Last night, the Oakland Unified Board of Education heard a series of reports on the district’s finances. Overall, the district’s finances have moved in the right direction, but are still far from being on solid footing.
As you know, our team has been following OUSD’s budget crisis closely and advocating for OUSD to both protect students and right the ship (click here for in-depth coverage). Tonight, the Board of Education passed a resolution (6 to 1) directing the Superintendent to make $9.0 million in midyear budget adjustments, which will come from both the central office and school sites. District leadership believes this resolution, updated based on new financial information, is necessary for the following reasons.
It has been a really difficult time in Oakland education, with the current budget crisis having real impacts on both students and adults. I am writing to share a quick update on immediate issues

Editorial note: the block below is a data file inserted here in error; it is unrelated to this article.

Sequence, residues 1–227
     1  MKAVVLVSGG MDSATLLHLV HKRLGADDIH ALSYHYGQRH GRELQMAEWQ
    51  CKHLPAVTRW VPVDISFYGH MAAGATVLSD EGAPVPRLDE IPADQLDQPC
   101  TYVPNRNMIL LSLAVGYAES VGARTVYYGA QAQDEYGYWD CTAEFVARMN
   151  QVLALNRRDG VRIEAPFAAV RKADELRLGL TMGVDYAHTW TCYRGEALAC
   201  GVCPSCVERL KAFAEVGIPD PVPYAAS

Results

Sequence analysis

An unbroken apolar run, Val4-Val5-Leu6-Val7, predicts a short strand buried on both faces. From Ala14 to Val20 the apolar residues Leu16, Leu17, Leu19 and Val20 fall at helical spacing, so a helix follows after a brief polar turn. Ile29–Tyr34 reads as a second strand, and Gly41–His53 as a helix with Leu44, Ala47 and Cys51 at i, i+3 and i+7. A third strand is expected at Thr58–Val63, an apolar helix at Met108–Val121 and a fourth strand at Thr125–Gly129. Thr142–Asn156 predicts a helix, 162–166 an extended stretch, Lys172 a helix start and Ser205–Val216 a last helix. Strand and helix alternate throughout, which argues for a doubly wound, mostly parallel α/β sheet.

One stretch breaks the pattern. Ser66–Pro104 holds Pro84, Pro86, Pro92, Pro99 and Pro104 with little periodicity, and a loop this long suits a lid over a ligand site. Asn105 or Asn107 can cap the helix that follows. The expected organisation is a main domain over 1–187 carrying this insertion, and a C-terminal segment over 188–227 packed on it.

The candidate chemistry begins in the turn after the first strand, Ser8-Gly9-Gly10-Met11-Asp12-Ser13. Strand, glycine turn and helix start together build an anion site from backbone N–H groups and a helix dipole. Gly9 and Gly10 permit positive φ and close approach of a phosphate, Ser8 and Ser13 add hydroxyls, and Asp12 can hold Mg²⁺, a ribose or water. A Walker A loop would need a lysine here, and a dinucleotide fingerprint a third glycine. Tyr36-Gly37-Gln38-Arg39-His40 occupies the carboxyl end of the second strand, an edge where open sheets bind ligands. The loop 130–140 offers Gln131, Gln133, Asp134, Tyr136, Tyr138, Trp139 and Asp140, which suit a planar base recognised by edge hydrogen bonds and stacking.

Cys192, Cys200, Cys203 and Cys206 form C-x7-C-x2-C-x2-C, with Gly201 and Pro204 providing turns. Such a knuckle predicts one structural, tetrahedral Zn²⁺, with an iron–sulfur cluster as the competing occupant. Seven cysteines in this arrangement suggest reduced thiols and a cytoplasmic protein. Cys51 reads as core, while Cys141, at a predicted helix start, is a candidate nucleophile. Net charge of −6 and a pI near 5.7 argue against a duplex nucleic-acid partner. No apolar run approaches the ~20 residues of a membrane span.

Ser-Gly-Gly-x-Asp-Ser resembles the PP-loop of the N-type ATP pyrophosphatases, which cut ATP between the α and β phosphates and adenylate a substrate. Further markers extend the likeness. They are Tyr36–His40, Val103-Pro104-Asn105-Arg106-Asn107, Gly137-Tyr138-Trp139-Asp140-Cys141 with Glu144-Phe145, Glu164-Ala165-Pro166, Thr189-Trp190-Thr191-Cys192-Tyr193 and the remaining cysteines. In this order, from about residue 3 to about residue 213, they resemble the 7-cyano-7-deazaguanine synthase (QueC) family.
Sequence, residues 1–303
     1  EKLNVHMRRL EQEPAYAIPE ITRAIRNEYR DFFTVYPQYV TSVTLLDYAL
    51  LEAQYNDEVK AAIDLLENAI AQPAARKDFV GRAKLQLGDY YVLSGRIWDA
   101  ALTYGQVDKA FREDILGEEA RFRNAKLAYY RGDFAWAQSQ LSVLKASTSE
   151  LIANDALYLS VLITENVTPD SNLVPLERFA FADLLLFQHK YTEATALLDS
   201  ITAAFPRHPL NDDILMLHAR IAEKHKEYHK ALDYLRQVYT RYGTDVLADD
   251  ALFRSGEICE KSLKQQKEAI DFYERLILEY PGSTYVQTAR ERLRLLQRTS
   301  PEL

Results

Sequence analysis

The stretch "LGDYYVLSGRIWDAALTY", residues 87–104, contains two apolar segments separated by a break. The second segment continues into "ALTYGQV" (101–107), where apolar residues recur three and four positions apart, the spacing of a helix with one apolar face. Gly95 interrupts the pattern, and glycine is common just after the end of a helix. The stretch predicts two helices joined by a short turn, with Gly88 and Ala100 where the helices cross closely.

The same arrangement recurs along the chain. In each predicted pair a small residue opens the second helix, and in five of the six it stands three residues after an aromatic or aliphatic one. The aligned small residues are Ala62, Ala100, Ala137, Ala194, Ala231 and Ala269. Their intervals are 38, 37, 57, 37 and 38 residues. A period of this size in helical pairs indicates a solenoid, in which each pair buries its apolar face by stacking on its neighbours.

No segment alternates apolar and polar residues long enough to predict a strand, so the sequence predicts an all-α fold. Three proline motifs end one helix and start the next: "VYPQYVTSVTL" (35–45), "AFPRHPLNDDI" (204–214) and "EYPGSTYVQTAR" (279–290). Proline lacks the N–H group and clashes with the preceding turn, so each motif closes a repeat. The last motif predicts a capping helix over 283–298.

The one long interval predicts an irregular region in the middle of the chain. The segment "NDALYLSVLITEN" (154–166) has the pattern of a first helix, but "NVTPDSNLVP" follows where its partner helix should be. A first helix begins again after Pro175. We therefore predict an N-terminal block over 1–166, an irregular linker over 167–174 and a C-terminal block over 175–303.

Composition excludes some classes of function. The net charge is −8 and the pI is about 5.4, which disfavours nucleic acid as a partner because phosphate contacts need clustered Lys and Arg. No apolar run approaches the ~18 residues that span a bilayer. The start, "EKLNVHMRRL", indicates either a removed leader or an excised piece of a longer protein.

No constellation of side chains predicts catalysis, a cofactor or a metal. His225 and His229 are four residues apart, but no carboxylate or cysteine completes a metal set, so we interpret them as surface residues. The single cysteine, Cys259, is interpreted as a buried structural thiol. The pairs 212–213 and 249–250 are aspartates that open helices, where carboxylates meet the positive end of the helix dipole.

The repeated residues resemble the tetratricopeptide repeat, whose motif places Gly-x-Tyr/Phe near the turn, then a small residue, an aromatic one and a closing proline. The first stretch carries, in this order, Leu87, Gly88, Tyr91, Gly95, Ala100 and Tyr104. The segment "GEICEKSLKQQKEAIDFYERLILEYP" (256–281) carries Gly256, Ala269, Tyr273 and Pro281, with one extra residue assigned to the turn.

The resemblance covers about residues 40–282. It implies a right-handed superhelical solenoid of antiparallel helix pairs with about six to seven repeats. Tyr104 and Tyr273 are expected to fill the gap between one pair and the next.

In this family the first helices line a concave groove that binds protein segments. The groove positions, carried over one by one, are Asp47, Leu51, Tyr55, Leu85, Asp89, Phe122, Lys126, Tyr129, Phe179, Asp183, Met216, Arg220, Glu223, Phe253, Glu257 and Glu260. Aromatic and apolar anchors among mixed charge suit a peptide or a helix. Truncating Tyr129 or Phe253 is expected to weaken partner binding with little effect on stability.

When you live paycheck to paycheck, everything is an emergency. If you don’t have a rainy day fund and your car breaks down, then you have to either not use your car, or not do something else and get your car fixed. But the money has to come from somewhere.
Three key issues have appeared in the current OUSD fiscal crisis. All three issues are a little wonky and technical, but are actually critical to resolving OUSD finances. With this blog, we aim to give some very high level information on each key issue and offer links to a deeper dive post for each one.
In the coming weeks, the Oakland school board will likely vote on over $15.1 million in mid-year budget adjustments for this current school year. While most Oaklanders rightly worry about the immediate impact on students, we should also be worried about possibility of returning to full state receivership.
On October 11th, the Oakland Unified School Board will be providing direction to the Measure G1 Oversight Committee with regard to whether or not students in county-authorized charter schools should receive benefit from the G1 tax measure that our GO network helped develop and advocate for, and which was resoundingly passed last fall.